To age or not to age your Napa Valley Cabernet Sauvignon
The quick answer: Do not age your Napa Valley Cabernet Sauvignon past 5 years after release.
The Reason: 95% of the Cabernets coming out of Napa are meant to be consumed within one to five years of their release.
In the US, a Cabernet Sauvignon can contain up to 25% juice from a different type of grape and still be called a "Cabernet Sauvignon". Some wine producers will blend for better flavor and some will blend for higher production yield. A popular blend in Napa is called "CMS". A CMS wine will comprise of 75% Cabernet and the other 25% will be a blend of Merlot and Syrah. Other popular blending grapes include Malbec and Petit Verdot. These grapes are meant for 'young wines', which are wines that don't age well.
There are exceptions to this rule. I consider the exceptions as 'fine' wines, and they are typically 'estate' wines that are low production and made with 100% Cabernet Sauvignon juice.
Even these wines have a shelf life of about 10yrs to 20yrs. Acidity and tannin structure are key elements to ageability and not price. So don't be fooled that an expensive wine will hold up better than a inexpensive bottle.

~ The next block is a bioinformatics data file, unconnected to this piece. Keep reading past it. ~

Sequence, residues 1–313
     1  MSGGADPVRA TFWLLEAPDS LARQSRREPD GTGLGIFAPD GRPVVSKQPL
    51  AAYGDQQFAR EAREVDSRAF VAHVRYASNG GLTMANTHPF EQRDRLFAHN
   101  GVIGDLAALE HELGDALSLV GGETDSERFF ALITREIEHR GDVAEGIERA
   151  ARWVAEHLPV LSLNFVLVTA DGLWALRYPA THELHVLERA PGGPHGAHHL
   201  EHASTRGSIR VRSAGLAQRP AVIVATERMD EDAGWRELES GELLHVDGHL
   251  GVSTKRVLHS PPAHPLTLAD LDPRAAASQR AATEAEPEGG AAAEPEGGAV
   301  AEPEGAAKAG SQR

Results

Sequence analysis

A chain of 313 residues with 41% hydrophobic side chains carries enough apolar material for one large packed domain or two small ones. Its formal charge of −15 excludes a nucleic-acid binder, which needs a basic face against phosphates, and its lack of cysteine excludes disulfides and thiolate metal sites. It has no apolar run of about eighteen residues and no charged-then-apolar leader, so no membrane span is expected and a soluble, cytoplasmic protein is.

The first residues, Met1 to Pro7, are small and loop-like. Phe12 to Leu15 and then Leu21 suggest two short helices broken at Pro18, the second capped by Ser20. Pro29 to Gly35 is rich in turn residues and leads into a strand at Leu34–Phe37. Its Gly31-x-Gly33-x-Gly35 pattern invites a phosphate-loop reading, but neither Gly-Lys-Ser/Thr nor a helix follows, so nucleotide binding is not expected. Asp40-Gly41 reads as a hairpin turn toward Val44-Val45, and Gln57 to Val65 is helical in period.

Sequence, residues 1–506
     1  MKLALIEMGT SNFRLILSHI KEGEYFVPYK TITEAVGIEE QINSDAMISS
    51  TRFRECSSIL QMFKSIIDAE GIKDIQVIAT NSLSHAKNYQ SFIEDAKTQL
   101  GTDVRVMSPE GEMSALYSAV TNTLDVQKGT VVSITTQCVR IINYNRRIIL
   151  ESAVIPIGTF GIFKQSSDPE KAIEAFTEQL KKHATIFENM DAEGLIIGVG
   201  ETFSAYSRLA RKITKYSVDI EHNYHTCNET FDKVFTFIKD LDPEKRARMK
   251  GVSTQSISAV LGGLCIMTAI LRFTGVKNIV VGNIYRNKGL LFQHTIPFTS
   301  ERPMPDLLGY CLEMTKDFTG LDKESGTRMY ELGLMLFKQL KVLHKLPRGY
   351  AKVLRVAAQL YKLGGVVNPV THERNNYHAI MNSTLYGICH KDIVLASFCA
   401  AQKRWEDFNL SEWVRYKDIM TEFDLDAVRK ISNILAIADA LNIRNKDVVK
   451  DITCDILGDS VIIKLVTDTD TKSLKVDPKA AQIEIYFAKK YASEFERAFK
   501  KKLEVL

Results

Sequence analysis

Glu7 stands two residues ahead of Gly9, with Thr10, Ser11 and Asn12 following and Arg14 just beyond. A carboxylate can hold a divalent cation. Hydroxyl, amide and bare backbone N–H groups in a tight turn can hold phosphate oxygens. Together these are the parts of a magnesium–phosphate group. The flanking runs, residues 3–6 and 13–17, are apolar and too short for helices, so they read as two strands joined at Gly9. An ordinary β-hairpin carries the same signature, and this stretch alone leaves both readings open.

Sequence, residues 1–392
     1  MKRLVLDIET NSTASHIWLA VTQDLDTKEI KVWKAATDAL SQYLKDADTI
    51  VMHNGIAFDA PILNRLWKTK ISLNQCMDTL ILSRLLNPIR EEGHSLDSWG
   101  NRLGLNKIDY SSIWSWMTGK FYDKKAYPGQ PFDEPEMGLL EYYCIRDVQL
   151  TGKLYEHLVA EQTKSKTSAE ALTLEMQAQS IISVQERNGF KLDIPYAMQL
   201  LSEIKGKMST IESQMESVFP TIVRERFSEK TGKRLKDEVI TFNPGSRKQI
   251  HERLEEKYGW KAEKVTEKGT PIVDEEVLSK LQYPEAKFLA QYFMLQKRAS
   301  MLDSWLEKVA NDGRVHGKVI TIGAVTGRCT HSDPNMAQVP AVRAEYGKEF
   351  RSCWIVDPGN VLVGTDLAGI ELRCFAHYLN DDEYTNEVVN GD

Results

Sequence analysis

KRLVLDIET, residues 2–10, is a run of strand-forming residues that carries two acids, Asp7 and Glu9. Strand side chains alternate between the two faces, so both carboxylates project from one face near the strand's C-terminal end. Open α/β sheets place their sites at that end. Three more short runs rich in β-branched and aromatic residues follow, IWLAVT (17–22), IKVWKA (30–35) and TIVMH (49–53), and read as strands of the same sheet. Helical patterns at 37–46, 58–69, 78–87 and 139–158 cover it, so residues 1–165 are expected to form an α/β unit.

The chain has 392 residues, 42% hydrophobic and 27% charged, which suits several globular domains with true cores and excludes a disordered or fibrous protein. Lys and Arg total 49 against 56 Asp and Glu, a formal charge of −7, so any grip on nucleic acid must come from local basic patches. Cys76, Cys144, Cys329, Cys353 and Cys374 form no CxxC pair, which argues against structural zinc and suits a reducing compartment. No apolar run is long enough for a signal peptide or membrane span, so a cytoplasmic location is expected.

I recently completed a taste test between two bottles of Caymus (1997 and 2014). Caymus Cabernet Sauvignon retails for $60 to $90 a bottle. What I really love about Caymus is that it taste like the same wine, year after year. Chuck Wagner has perfected his blend and formula and you will always get dark cherry and blackberry flavor with a subtly layered of vanilla at the end.
Winemaker Notes: The 2014 growing season was another great one in Napa Valley. Our Cabernets are a blend of wines from eight of the sixteen sub-appellations.
To do a proper taste test, you should have had a chance to taste the wine before you consider cellaring it. So you will need at least two bottles. I drink Caymus every year and I have been for a very long time, so I'm well familiar with the structure and taste of their wines.
Here are my notes from this tasting:
1997: Really light in color. Almost looked like a Pinot. The viscosity (wine legs) was nil.Wine legs helps you determine alcohol levels in the wine.
2014: Dark with good legs.
1997: A little musty with little fruit smell.
2014: Dark Fruits, oak
1997: No fruits, no vanilla finish. The wine was flat and hollow of any flavor.
2014: As stated above, dark cherry and blackberry flavor with a subtly layered of vanilla at the end.
Conclusion: I wouldn't give you $10 NOW for the 1997 Caymus. However, I would have paid top dollar for it when it first came out. This 1997 Caymus was cellared and stored properly from a private collector. It just didn't hold up after 19yrs.
My advice: If you love it, drink it now or save it up to 5yrs. If you let it sit any longer you will risk not loving it anymore. Plus, you might not be around in 10 years and your relatives will end up drinking your great wine! :-)